Panel builders switching from the VX to the VX SE don’t need to rethink their engineering or assembly processes – everything is the same.


“The principle of easy extendibility as a back door no longer works,” says Ripploh. “The current trend is towards planning systems with a greater degree of standardisation and incorporating specific free-standing enclosures from the outset,” he explains, adding that bayed enclosures always used to be the first choice because their bayed design made them easy to extend. According to Ripploh, the “just start building and we can always extend later” approach changed completely when engineering departments started using the 3D twin, because they now have a better idea of what to expect down the line. “We’ve been using 3D design planning with Eplan Pro Panel for eight years and we’ve been routing each individual enclosure for nearly 18 years. That means we always know the precise layout of the enclosure, even if it’s one of a kind,” he emphasises.

Digitaler Zwilling

Digital twin: 3D design planning with Eplan Pro Panel and the use of other software tools creates an accurate depiction of the enclosure layout.

Once the engineering work is complete, the customer signs it off. “If the customer wants further components to be installed, we see whether they’ll still fit into the enclosure, and we know very quickly what’s possible. There’s no need to order all the components and test whether they still fit. We can see that in the 3D design – and we then also know whether the door will still shut,” says Ripploh with a grin.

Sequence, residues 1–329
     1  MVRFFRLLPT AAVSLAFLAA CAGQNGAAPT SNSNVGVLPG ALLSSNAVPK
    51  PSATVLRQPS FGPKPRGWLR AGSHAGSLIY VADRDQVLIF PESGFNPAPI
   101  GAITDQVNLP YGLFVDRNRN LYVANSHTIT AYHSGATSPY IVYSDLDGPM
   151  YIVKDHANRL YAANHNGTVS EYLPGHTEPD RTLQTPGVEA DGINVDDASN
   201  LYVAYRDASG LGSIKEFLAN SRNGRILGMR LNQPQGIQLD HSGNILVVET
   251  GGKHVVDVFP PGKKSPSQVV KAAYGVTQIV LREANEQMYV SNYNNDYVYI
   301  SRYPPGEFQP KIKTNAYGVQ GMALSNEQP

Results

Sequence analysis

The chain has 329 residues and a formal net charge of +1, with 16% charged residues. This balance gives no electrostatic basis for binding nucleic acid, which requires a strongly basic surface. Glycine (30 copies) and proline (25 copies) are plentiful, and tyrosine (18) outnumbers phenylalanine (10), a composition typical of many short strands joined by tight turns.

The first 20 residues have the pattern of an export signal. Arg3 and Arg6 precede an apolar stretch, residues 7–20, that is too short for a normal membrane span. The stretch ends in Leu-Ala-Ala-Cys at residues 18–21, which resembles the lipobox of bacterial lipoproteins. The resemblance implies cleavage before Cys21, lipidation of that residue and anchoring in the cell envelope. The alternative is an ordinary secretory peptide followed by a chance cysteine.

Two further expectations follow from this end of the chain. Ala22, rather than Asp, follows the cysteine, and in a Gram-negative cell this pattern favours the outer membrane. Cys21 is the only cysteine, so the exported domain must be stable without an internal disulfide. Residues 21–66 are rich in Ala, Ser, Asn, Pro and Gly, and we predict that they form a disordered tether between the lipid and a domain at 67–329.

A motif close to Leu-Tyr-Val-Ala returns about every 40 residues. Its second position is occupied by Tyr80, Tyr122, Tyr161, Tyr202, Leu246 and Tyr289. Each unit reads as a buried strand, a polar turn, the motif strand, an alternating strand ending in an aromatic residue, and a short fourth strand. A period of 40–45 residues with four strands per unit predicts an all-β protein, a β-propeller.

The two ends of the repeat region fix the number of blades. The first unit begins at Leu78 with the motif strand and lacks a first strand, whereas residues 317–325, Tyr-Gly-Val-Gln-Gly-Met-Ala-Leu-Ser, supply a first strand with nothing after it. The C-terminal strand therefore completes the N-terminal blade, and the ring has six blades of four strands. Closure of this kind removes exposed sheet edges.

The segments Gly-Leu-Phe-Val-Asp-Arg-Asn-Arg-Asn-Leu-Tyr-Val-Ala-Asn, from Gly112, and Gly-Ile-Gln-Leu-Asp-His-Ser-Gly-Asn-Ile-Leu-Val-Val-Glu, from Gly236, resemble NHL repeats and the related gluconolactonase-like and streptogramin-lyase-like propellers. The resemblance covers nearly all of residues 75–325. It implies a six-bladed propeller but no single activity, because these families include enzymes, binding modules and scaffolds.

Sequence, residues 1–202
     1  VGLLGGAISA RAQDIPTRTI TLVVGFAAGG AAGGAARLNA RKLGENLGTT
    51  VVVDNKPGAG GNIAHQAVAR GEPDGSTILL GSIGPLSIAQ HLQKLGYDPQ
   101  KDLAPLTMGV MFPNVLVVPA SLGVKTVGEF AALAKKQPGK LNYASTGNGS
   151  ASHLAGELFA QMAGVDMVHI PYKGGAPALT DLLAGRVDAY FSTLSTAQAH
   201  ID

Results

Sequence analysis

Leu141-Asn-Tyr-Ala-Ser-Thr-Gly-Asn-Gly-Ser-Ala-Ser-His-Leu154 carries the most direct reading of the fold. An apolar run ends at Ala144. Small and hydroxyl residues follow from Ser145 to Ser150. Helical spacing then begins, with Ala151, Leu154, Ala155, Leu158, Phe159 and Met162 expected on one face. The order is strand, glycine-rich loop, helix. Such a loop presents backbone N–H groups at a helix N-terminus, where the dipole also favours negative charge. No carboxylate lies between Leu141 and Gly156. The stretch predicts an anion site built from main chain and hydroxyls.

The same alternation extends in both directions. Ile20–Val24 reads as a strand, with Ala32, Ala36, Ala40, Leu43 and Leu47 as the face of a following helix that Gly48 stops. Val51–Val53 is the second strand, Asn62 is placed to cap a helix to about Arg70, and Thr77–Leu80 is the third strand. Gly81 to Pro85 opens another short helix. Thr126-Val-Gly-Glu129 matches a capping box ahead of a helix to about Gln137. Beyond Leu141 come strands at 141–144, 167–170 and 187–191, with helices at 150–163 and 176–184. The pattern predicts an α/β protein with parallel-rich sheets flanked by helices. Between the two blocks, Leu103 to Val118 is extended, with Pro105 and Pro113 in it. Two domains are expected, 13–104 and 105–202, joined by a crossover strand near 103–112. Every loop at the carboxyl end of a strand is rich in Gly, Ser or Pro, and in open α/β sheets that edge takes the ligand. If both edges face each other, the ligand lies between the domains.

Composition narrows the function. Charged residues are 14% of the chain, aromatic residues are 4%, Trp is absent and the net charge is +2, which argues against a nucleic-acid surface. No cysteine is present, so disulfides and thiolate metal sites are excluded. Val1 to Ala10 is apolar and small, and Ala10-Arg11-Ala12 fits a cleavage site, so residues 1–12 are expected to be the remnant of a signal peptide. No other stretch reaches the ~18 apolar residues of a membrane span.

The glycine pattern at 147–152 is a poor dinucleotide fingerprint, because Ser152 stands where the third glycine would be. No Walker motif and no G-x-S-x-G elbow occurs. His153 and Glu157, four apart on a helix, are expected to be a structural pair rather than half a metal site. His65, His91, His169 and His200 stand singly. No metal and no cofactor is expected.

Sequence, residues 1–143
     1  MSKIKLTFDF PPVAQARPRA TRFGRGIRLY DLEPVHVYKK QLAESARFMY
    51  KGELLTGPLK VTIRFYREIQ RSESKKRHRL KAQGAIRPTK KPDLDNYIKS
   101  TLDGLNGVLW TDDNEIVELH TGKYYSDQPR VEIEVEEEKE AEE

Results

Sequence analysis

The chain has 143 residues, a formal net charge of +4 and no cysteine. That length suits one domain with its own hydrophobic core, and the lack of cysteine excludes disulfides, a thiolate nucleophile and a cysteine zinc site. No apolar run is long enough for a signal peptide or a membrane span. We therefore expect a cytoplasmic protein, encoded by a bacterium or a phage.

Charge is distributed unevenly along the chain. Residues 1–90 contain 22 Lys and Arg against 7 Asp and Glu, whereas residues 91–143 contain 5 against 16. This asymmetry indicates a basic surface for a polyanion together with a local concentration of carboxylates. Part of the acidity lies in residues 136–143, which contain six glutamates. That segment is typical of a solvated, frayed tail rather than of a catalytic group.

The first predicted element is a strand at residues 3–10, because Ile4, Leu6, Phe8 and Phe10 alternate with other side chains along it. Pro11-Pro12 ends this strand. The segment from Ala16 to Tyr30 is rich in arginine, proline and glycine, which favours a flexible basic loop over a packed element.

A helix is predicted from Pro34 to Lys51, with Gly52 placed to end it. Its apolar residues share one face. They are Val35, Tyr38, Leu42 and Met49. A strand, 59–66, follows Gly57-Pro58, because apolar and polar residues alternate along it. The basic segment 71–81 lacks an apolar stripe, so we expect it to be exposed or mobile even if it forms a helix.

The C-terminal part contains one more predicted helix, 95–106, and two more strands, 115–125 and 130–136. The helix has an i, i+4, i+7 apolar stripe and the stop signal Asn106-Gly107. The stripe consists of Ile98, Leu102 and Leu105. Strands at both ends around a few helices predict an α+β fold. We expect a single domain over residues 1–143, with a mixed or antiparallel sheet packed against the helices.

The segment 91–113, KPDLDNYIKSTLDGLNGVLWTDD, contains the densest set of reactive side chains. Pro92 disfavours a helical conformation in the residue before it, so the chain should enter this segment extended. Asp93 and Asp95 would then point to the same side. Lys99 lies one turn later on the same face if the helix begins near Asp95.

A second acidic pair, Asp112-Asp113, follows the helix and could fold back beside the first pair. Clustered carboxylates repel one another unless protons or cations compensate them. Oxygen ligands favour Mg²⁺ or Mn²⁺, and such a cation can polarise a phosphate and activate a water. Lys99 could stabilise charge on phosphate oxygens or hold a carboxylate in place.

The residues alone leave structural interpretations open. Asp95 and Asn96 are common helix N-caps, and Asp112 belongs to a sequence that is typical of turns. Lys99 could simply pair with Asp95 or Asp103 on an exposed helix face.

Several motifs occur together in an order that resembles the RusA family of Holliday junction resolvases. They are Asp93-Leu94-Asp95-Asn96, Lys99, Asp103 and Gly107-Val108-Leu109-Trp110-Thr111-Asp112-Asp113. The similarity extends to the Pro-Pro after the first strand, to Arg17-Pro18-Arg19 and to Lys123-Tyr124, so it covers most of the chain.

Ripploh was quick to spot the trend towards standardisation in mechanical and plant engineering and firmly establish this in his own engineering operations. Developed in-house, the Unit-E enclosure configurator makes modular engineering possible using components that are saved in the Eplan Engineering Configuration (EEC) solution. Unit-E enables quick custom configuration and coordination of modules for fitting out enclosures. “Many customers no longer want patchwork solutions, because it’s then no longer possible to maintain control,” he explains.